As Microsoft prepares a new streaming music service in the U.K., and a new report indicates a sharp decline in downloads among teenagers in favor of sites like Pandora, what’s an artist to do? Reinvent the distribution business, course.
Industry execs may fret about declining traditional sales, but some enterprising artists and labels have devised new ways to sell music that give fans something to collect, even in an age when the music itself can be infinitely duplicated for free. Or when the cloud makes the very idea of collecting and owning music seem quaint.
It’s a lesson the industry has been learning for about a decade now: If you can’t sell music, sell something else. (Hey, it beats complaining about “kids today” and their utter disrespect for copyright.)
From soup cans to sonic Buddhas, there is life beyond the stream. Here are 10 of our favorites. (Feel free to add your own suggestions below.)
1. Max Tundra’s Limited Edition Kosher Chicken Soup
Purchasers of Domino Records artist Max Tundra’s 2008 album, Parallax Error Beheads You, have four formats to choose from: compact disc, vinyl, digital, or as a $19 soup can that comes with a download code. Domino calls this “the new kosher format,” due to the nature of the chicken soup contained inside the customized label. In addition to a food item that can be consumed in the event of lapsed fandom (or nuclear winter), fans who choose the soup can format also get an exclusive digital compilation of Max Tundra’s friends covering his songs. All of the songs are in the 320 Kbps DRM-free Mp3 format. Soup cans were assembled by the artist in some sort of sweatshop (video).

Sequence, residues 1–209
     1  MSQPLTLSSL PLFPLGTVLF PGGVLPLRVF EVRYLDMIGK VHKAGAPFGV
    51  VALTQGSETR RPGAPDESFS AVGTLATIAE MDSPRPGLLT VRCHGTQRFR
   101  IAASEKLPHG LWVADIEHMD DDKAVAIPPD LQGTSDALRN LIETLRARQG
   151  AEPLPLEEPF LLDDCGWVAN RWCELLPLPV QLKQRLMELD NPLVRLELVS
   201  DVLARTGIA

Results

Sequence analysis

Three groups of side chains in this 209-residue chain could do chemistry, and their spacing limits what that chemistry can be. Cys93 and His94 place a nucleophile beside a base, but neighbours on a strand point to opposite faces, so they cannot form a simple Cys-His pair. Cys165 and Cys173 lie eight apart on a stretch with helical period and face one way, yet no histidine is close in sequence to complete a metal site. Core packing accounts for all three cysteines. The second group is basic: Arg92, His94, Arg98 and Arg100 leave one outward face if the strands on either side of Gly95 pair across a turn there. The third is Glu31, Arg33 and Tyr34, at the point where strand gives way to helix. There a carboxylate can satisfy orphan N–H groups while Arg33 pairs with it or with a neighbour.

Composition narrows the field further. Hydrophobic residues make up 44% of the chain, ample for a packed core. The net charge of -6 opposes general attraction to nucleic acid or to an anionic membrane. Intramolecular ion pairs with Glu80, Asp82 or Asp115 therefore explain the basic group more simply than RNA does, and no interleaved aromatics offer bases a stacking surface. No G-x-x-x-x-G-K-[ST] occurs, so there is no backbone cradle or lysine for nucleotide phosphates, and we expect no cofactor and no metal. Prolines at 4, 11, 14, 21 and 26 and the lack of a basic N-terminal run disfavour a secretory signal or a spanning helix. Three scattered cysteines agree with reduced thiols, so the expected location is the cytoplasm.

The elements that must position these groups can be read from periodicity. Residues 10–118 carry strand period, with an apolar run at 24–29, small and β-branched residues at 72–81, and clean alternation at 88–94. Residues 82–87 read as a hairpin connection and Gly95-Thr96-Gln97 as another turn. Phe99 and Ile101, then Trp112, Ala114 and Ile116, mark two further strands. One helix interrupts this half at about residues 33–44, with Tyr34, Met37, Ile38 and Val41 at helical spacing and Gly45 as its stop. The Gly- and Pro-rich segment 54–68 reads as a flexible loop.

2. Mogwai’s “Tracy” Music Box
Scottish guitar band Mogwai gave its fans (the author included) a real treat in the form of a professionally-constructed metal music box that plays their song “Tracy” when you wind a little crank on the side. It helps that this song’s haunting melody lends itself particularly well to the music box treatment, so other bands considering something similar might also want to choose songs with a simple melody that repeats in the time it takes for a music box’s axle to complete a full revolution. (Shockingly, this doesn’t appear to be on eBay, and I’m working remotely so I couldn’t take a photo; this one comes courtesy of plastikwrap.)
3. Interactive (Remixable) Albums